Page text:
This is definitely a cool tank. You will not find anything like this in design. It looks like the designers of Edge were going for that edgy look. I felt like a professional aquascapper. As opposed to the previous tank I bought, this one has some weight to it. The material is heavy and sturdy. Everything appeared there: instructions, no damage, little assembly.

What this Tank Comes with


The Filter

This tank makes use of the same filter as the 6 gallon version, only a little taller. It is not the best and will need an aeration system as I can see, a few weeks in algae buildup at the bottom is beginning. With that said, the entire system is spotlessly hidden making this an aquascapers dream come true!

The LED Lights

These lights really make this aquarium shine. Oftentimes with LED you get either really cheesy colors that are not at all practical for raising live plants or you get a light that is just so weak, it's hardly good for anything. In this case there are 42 high power lights! They are definitely powerful. The optional blue hue for nighttime use is a great addition.

Final Thoughts

Setting this thing up was a bit tricky. First of all, the little space to fit your hand in, to do the basic set-up is not very wide. That can become a bit frustrating. Similarly, I noticed that doing any kind of rearranging or cleaning is also troublesome. The 3d effect is only accomplished by filling the water to the top of the tank. When you stick a hand in a whole mess begins.

These are things I can live with though. I bought this tank for two reasons: it looks so unique and it is well-built like many of Fluval's products. I will be keeping this one, hosting a very tranquil aquascape, relying mostly on mosses. A few zebra dainios would be fitting.

Monday, September 23, 2013

Which is Better for a Planted Tank – Sagittaria (Arrowhead) or Vallisneria spiralis?

Sagittaria and Vallisneria are two of the easiest and most enjoyable plants to grow in your newly planted live aquarium. They have the benefit of being two plants that will get along with goldfish, who eat almost every plant and grow aggressively more than any plant. But is there a better one or should I get both?

Sagittaria and Vallisneria are both known as stolon-type plants. This means that they reproduce by sending out a runner, which will eventually, over time, grow into another plant. The runner will essentially, come from the roots and produce another, separate plant near the mother-plant. In time, they can be removed from the mother plant and replanted elsewhere. This is one of my favorite elements of these plants: they are more fun to watch and they save you money in the long term.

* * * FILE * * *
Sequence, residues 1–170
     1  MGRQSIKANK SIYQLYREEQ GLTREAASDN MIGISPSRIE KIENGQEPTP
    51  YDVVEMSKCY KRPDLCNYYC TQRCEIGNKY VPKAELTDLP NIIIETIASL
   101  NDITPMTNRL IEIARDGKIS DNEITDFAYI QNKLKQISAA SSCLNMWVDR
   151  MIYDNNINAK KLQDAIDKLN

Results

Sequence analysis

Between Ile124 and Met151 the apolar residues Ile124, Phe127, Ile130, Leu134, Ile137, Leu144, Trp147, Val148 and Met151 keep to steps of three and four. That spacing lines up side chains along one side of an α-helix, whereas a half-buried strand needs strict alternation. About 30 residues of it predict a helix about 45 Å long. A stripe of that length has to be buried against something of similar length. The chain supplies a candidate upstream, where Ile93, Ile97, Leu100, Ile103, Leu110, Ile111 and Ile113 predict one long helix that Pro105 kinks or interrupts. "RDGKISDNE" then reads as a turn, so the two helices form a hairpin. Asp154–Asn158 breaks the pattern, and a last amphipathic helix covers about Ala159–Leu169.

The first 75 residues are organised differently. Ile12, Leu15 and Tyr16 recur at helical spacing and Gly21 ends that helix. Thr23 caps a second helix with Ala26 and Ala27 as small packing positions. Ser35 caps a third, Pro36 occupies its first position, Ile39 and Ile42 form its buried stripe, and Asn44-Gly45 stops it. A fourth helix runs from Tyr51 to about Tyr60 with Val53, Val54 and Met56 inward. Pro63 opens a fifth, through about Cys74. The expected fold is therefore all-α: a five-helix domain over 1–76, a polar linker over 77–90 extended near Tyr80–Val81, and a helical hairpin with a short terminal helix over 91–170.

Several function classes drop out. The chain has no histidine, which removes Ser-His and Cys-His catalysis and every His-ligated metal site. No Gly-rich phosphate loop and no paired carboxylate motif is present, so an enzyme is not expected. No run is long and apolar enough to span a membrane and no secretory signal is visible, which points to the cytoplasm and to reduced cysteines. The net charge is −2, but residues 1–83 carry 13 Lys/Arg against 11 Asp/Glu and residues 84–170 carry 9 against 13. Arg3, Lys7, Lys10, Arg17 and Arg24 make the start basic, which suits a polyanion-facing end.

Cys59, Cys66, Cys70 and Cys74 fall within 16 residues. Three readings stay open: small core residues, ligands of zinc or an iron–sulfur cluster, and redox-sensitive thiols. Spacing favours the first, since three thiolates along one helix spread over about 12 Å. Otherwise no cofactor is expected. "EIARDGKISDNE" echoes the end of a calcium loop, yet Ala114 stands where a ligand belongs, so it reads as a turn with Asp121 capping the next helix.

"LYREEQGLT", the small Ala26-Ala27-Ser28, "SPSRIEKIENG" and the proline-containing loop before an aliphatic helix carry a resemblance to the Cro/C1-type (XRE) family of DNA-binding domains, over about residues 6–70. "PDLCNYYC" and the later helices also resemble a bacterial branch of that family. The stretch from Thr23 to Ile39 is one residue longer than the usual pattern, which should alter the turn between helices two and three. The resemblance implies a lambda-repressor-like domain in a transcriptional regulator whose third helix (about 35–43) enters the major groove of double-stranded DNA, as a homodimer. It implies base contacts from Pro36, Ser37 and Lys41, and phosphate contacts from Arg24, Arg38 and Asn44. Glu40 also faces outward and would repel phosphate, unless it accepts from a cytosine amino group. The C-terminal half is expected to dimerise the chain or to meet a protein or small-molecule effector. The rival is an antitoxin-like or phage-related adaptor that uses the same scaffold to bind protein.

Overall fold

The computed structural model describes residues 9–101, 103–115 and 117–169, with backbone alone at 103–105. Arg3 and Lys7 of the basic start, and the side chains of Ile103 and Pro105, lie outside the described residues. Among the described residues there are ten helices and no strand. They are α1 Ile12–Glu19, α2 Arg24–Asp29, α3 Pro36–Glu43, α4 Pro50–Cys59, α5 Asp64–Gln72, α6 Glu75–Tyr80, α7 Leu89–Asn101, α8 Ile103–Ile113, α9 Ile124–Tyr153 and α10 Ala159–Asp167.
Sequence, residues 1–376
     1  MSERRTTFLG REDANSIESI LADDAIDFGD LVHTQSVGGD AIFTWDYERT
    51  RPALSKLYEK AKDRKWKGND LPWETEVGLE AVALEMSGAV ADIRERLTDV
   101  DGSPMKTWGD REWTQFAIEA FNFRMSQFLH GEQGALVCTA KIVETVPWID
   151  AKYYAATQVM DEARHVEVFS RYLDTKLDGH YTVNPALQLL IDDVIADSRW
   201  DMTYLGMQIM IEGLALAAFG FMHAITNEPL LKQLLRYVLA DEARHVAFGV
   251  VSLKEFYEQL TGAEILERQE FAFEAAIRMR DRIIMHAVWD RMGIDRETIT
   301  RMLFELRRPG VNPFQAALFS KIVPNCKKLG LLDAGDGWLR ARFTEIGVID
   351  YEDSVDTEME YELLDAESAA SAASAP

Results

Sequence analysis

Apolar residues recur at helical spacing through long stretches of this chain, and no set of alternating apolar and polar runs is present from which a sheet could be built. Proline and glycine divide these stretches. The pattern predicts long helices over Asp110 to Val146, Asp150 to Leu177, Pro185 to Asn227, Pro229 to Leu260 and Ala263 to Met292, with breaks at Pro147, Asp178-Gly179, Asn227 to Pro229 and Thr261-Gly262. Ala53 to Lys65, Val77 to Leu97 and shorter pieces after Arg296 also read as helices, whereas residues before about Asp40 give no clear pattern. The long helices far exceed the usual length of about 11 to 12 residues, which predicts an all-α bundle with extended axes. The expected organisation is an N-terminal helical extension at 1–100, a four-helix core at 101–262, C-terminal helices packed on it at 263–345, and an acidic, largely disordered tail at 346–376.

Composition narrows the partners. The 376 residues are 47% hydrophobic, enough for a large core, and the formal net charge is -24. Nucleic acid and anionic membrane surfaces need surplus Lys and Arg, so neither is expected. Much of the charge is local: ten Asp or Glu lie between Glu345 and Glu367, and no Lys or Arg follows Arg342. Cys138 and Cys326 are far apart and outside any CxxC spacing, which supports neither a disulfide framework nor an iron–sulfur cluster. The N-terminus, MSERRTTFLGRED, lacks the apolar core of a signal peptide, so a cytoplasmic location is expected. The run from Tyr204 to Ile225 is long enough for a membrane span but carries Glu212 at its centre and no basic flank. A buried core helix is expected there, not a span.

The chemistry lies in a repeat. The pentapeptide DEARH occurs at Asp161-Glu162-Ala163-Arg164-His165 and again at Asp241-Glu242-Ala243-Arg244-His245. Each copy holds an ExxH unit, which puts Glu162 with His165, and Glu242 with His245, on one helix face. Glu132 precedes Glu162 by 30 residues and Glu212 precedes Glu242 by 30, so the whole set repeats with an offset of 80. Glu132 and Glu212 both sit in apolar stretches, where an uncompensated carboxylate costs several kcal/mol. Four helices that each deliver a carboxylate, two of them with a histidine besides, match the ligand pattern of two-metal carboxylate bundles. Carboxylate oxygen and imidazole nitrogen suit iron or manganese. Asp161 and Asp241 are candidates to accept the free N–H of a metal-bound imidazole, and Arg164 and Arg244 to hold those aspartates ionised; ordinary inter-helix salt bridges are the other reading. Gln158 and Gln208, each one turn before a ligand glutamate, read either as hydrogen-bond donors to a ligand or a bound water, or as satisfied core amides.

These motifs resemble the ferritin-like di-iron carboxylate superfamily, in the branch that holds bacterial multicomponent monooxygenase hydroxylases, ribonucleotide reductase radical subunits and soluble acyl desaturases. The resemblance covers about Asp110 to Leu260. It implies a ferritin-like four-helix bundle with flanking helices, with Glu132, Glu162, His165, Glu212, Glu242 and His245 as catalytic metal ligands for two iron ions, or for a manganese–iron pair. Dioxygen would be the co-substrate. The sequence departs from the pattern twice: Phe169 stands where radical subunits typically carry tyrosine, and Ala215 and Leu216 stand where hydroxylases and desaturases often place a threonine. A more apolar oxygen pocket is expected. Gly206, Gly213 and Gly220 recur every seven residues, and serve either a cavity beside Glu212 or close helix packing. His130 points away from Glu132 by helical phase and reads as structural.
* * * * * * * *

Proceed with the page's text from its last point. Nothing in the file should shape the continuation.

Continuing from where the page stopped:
Both of these plants also react very well to pruning. Prunning should be done regularly and is not something to worry about overdoing. Any leaves that turn brown, get mushy or are decaying should be pruned, closed to the stem. If not done regularly, this can kill the plant. However, I look at it as a benefit because I am constantly keeping an eye on the plant and improving its health.

Sagittaria, otherwise known as the arrowhead can grow up to thirty-six inches in height although it will usually conform to the size of your tank. However high it goes, your plant will follow. What I especially like about them over Vallisneria, is that they can handle temperatures approaching 80 F but are also very cold hardy. If you are someone that does not like to keep the tank light on that often, you are in luck because these generally do not mind a lack of light to growth healthy. Perhaps the main drawback is that they need to be planted in bundles in order to achieve the desired look.

Vallisneria is also pretty hardy. It grows much like Sagittaria but maintains a more curled look. It is commonly imitated in plastic plants. It will grow up to two feet long if allowed to. Because of that they do not need to be bunched as much as Sagittaria and can achieve a beautiful look in singular plantings. The one drawback is that they are not nearly as hardy. Their preferred temperature range is approximately 59 to 72 degrees F.

Thursday, June 27, 2013

The Pros and Cons of Using Soil in the Aquarium

If you want to grow live plants in your aquarium it seems like a no-brainer to use soil. Although it seems like an obvious choice as a substrate for your fish tank plants, soil can be a messy affair. If you do it right though you can have a lush garden of plants in your tank.

Aqua soil is it is called is very popular among hobby aquarium circles. This expensive, pre-bagged and sterilized soil is ideal because it maintains many positive nutrients that assist in the optimal growth of aquatic plants.

Why Aquarium Soil is Good for Your Tank


The greatest benefit of having aqua soil in your tank is that it releases carbon dioxide during respiration which your plants can absorb as a food source. Carbon dioxide is not necessarily required for fish tank plants but it is required for photosynthesis. If you want your plants to grow tall, strong, and healthy carbon dioxide is a must.

The alternative is carbon dioxide fertilization which can be very difficult to set up. Attaching CO2 gas tanks to your aquarium is expensive, troublesome and arguably messy. Even dosing with CO2 tablets can get expensive really fast.

Another added benefit of aquarium soil is the high iron content. This eliminates the need to supplement your fish tank with iron fertilizers which can be more expensive long term.

The Problems with Using Aquarium Soil in Your Tank


For the beginner, aqua soil is very expensive. In the United States it can be found on Amazon for an affordable price, but definitely far more than the cost of gravel and sand at a pet store. Internationally it can be very expensive, often $20-40 for a 4-8 pound bag.

Another issue to consider with aqua soil is that it can be just a downright mess. If you shift the water too much or intend to clean it often (which you should) it creates dust clouds and mud in the tank that can last for days and take weeks to settle.